Friday, January 23, 2009
The text of Elizabeth Alexander's Inaugural Poem (and a mini-review)
All This Is That National Affairs Editor
Why would I review a poem, instead of Jack? Because immediately following the Democratic Convention, Jack hectored the transition team with sample poems, bottles of Washington Cabernet Sauvignon bundled with Theo Chocolates, pleas, outright lies, donations, flattery, and schmaltz. . .all in hopes of snagging the poet slot at the inauguration.
Jack knew his chances were slim at best, and if anyone from the transition team went so far as to check his blog, or actually read his work, well, then:::::::::::::pffffft!
He didn't relent until the day in December the team named Elizabeth Alexander as the Inaugural Bard. In short, I am reviewing the poem because it would be sour grapes for Jack Brummet, and besides he is perhaps even more pathetic a reviewer than me.
Alexander chose the form of an African praise song. "These traditionally celebrate the life of an individual, giving their name, genealogy, totem animal, job, personal attributes, etc." These songs are done in a call-and-response/trading fours style. I've read some cool ones.
To use this old form was a great idea. It could have been a raucous, rhythmic, densely worded, and colorful celebration of America and change. As it turned out, Elizabeth Alexander's inauguration poem was a snoozer.
Walking is a dominant image, and probably the appropriate one, since BHO often talks about the journey, the path, and the road. But to make walking a central concept, walking needs to be more than plodding (for a celebration of walking listen to Guy Clark's recent "Walking Man").
The poem has virtually no wordplay or deep images. It is depressingly prosaic. Alexander ends at least one verse with a preposition (of). The rhythms are flabby. It's like a poem written for people who don't much like poetry, so why bother to change their minds? The almost random, but hopeful and kaleidoscopic view of America is nearly devoid of music. All that said, her heart was in the right place.
Most occasional poems are weak. Why would this be an exception? Alexander has written many a better poem. It had to be a tough writing job, and lord knows how many constraints she was working under! Here's the text. What do you think?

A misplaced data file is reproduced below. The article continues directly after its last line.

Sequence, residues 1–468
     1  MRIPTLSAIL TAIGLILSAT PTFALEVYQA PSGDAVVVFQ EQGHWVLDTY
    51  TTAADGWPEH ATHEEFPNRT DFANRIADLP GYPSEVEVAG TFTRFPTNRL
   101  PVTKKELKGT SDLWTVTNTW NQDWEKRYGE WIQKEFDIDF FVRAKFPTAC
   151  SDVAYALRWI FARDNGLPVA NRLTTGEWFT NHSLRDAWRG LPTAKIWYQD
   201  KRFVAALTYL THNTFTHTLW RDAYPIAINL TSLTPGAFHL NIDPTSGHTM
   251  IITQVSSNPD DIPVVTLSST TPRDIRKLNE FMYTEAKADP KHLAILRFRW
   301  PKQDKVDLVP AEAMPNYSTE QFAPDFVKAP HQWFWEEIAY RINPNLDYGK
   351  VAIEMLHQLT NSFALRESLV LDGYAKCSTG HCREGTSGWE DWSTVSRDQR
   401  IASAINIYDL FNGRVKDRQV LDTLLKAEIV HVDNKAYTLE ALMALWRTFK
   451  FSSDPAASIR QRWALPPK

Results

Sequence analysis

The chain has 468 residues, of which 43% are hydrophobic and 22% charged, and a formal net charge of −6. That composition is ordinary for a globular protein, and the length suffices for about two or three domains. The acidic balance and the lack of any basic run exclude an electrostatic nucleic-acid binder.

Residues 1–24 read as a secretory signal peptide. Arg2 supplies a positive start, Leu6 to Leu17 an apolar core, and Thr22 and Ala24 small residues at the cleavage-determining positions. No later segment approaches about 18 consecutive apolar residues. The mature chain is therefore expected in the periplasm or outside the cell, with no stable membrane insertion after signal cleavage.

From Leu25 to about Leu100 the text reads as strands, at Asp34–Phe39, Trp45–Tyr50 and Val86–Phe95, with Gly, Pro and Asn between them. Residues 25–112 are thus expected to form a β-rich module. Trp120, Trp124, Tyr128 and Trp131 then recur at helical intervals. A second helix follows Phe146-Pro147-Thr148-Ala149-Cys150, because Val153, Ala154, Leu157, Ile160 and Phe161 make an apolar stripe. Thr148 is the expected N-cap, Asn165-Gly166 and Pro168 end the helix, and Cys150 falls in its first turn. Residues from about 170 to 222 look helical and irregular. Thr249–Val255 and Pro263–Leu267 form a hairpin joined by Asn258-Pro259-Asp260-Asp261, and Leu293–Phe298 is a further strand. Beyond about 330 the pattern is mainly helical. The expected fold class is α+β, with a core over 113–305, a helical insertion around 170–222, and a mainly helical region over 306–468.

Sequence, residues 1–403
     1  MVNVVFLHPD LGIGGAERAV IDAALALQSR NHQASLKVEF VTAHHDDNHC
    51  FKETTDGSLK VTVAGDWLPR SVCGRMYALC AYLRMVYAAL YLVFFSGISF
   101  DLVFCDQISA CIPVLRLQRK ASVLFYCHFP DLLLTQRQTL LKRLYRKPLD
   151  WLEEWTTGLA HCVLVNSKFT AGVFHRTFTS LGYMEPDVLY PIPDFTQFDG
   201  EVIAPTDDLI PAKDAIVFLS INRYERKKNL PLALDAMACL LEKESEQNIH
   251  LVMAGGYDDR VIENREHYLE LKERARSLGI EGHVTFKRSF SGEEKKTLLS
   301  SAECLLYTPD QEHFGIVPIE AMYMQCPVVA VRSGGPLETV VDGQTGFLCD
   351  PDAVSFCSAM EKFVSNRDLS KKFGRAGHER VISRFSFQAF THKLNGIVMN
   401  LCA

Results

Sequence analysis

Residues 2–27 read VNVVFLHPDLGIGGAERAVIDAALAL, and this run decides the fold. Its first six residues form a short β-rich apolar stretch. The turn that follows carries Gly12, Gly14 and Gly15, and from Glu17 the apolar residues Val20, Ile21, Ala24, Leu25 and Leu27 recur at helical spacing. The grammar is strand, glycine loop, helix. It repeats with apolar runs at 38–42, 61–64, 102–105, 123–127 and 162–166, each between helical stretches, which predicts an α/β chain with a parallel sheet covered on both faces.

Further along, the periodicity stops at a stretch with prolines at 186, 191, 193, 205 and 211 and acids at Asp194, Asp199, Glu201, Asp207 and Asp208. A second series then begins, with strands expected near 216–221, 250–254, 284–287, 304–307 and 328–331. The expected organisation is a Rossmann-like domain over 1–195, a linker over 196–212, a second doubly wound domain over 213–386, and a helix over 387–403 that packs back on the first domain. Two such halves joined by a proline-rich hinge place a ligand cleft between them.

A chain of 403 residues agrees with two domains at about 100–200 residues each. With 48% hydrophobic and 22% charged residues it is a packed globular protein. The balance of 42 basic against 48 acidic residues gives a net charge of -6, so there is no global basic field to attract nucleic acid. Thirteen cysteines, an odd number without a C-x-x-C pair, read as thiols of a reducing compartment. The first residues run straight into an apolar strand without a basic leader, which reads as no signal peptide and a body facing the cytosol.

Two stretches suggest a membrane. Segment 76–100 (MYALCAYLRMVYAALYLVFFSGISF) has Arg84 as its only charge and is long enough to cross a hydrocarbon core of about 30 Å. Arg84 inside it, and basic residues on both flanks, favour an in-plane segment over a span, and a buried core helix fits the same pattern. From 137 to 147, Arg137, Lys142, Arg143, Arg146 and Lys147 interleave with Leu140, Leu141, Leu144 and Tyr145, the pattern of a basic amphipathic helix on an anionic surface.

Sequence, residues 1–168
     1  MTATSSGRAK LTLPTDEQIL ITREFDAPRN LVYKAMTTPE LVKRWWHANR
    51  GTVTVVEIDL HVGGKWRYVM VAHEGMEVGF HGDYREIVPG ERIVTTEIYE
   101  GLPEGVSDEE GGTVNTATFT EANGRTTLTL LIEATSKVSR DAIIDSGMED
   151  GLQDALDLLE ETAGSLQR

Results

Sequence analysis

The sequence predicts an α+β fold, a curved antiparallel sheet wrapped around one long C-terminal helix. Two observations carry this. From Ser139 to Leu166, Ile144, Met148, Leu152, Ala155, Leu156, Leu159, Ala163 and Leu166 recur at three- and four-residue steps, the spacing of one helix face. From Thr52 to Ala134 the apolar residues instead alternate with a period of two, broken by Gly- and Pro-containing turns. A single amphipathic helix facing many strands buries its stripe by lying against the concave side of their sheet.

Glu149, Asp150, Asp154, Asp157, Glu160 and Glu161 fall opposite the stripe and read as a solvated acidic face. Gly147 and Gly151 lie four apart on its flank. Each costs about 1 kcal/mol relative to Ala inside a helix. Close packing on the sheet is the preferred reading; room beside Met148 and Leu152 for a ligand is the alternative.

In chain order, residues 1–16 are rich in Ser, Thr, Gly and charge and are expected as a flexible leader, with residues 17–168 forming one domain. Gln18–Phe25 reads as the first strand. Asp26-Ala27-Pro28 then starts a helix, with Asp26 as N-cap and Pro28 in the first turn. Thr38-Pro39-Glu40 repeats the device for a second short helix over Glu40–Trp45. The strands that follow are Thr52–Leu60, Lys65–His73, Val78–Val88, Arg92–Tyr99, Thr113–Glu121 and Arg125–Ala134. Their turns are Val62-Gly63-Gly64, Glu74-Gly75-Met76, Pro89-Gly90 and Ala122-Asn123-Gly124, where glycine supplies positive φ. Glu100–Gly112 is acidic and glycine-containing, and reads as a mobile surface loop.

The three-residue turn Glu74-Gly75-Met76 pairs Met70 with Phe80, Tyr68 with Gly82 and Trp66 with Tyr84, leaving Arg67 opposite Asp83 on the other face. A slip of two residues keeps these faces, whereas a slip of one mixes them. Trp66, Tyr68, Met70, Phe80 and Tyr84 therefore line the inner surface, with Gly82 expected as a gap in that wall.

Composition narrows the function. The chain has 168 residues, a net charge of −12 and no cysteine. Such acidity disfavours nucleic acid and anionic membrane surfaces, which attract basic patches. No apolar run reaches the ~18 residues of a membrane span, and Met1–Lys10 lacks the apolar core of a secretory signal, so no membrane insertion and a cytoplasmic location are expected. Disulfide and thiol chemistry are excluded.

Praise Song for the Day
A Poem for Barack Obama's Presidential Inauguration
by Elizabeth Alexander
Each day we go about our business,
walking past each other, catching each other's
eyes or not, about to speak or speaking.
All about us is noise. All about us is
noise and bramble, thorn and din, each
one of our ancestors on our tongues.
Someone is stitching up a hem, darning
a hole in a uniform, patching a tire,
repairing the things in need of repair.
Someone is trying to make music somewhere,
with a pair of wooden spoons on an oil drum,
with cello, boom box, harmonica, voice.
A woman and her son wait for the bus.
A farmer considers the changing sky.
A teacher says, Take out your pencils. Begin.
We encounter each other in words, words
spiny or smooth, whispered or declaimed,
words to consider, reconsider.
We cross dirt roads and highways that mark
the will of some one and then others, who said
I need to see what's on the other side.
I know there's something better down the road.
We need to find a place where we are safe.
We walk into that which we cannot yet see.
Say it plain: that many have died for this day.
Sing the names of the dead who brought us here,
who laid the train tracks, raised the bridges,
picked the cotton and the lettuce, built
brick by brick the glittering edifices
they would then keep clean and work inside of.
Praise song for struggle, praise song for the day.
Praise song for every hand-lettered sign,
the figuring-it-out at kitchen tables.
Some live by love thy neighbor as thyself,
others by first do no harm or take no more
than you need. What if the mightiest word is love?
Love beyond marital, filial, national,
love that casts a widening pool of light,
love with no need to pre-empt grievance.
In today's sharp sparkle, this winter air,
any thing can be made, any sentence begun.
On the brink, on the brim, on the cusp,
praise song for walking forward in that light.